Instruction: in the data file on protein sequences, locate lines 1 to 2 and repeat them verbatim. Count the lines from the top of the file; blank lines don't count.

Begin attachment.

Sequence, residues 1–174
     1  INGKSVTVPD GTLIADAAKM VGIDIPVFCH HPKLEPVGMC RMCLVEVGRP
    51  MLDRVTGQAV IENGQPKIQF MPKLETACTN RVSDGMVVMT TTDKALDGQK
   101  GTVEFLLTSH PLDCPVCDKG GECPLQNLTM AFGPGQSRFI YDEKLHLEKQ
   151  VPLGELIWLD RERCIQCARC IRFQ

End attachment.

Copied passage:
Sequence, residues 1–174
     1  INGKSVTVPD GTLIADAAKM VGIDIPVFCH HPKLEPVGMC RMCLVEVGRP